“Don’t bother the dog when he’s eating,” is advice that dog owners hear all the time, especially new owners who’s just gotten their pups. This is based on the hunch that dogs are protective of things they want, such as food. But, should we really take that advice to heart?
What Is Resource Guarding?
Resource guarding refers to a dog’s behavior, such as snapping and growling, that is meant to show other dogs and humans to stay away from a thing they consider a treasure or “resource.”
This resource is anything that the dog considers important, such as food, treats, toys, a place, or even a person.
Dogs are opportunistic feeders, they have evolved into a species that is able to adapt to whatever food is available, also resulting in them protecting what they consider as theirs. So naturally, resource guarding is a normal dog behavior.
Most scenarios of resource guarding would involve dogs communicating and displaying aggressive body language as a way of saying that the resource is theirs and they are not giving it up. The other dog, the “potential takers” would usually back down.
It is also common for dogs to fight over resources and the best thing to do would be to separate them if their desired objects are around. Putting them in different rooms while they’re eating and removing these resources when the dogs are together can calm down the situation.
The Problem with Resource Guarding
Resource guarding can be a serious problem if let on. It can be harmful when a dog gets aggressive around his human family when he feels his resources are threatened, especially with children.
Young, small children who carry around toys and food are usually the common victims of a dog’s aggressive resource guarding. Since they are young, the concept of respecting a dog’s possession can also be quite hard to understand, and would just reach and grab for it. This can result in injuries, scratches, and even biting. Considering the height of kids, injuries and bites can be in the upper body or on the face.
What Does Resource Guarding Look Like?
Dogs can be possessive of different kinds of objects. Some would only guard objects they are actually holding, like a toy or a bone, or when they are eating. Some dogs are protective of things that are within their territory, while guards places they find comfortable like a couch or a bed. They protect these from other dogs, humans, or both.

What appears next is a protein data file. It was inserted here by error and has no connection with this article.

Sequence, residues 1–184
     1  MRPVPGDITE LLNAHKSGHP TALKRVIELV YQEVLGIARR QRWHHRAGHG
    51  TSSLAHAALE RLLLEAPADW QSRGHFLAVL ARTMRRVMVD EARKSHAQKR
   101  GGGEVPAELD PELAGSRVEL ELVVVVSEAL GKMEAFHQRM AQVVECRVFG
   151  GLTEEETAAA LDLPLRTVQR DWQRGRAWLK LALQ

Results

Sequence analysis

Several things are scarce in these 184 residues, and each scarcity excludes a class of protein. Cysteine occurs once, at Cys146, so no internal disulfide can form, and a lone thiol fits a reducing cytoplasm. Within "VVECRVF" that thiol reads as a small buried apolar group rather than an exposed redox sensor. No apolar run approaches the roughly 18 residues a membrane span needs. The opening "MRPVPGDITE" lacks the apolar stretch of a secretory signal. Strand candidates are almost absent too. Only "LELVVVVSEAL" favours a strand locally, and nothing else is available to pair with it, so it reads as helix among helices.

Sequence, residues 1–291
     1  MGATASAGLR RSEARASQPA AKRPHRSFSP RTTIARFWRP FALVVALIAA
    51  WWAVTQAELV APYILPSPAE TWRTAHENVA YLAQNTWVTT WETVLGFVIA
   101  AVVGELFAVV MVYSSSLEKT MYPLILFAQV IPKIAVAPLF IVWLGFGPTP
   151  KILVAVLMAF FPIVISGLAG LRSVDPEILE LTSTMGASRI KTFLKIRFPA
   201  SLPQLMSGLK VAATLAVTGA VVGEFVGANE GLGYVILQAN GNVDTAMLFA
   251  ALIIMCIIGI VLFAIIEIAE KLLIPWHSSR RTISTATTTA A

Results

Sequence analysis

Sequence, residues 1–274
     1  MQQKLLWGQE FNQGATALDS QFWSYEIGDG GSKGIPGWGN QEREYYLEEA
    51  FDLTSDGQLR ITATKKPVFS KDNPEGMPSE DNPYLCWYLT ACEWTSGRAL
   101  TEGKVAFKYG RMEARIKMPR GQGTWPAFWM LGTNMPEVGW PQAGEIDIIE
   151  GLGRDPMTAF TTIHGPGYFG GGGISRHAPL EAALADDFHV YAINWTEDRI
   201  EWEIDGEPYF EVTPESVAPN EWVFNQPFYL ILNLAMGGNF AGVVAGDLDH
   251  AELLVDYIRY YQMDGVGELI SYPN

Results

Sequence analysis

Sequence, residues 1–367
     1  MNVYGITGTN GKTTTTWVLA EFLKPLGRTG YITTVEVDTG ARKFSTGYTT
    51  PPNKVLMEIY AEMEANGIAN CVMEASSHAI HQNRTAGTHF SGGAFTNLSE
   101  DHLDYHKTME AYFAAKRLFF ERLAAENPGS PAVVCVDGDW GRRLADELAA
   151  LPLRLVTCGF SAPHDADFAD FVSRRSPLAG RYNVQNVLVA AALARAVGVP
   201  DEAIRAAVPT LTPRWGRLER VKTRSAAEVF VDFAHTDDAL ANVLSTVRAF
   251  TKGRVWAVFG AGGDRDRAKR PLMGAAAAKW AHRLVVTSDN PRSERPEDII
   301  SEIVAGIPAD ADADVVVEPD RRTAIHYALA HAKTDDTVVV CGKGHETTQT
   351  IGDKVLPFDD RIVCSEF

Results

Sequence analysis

Dogs also have different reactions when resource guarding. Some dogs have little response, such as simply moving the object away, while others have a more aggressive reaction like snarling, growling, snapping, and worse, biting.
Snarling and growling can be considered warnings from the dog and it is important to know that it should never be punished or scolded for giving out these warnings. The worse consequence would be for the dog to stop giving warnings and just immediately attack.
What to do?
You could have a puppy or a dog that doesn’t resource guard yet, it is important that you teach them how to willingly give up a resource.
Here are a few tips you can follow to control your dog’s resource guarding.
Control its environment
Observe and make a list of all the things that your dog is possessive with and think of a way to remove its access to these. However, everyday necessities, like food bowls, are not applicable to this.
If your dog is possessive over a certain item in the kitchen or in your room, block his access to these areas. Since he’s not allowed anywhere near these places, he couldn’t resource guard.
Create a safe space
Dogs get aggressive when they are threatened or if they feel like someone or something is out to get their precious food, treats, and other valuable resources. One of the things you can do is to create a peaceful space for them.
If they aggressively guard their food bowl, feed them in a separate area, blocking the entrance from other dogs or humans, and let the dog eat in peace. Blocking the entry is often overlooked but it’s equally important, especially if you have small children in the house.
Drop it and leave it training
All dogs, especially those that struggle with resource guarding, should learn the drop it and leave it cues.
Drop it means teaching your dog to let of something that’s in their mouth. If the dog gets possessive over food, start practicing the drop it cue with toys and eventually moving on to food trades. If they drop a low-value objective, they get rewarded with a high-value treat.
Leave it is teaching your dog to turn or walk away from something. Make sure to reward your dog with an equal or higher value treat. This technique speeds up the learning process of your dog.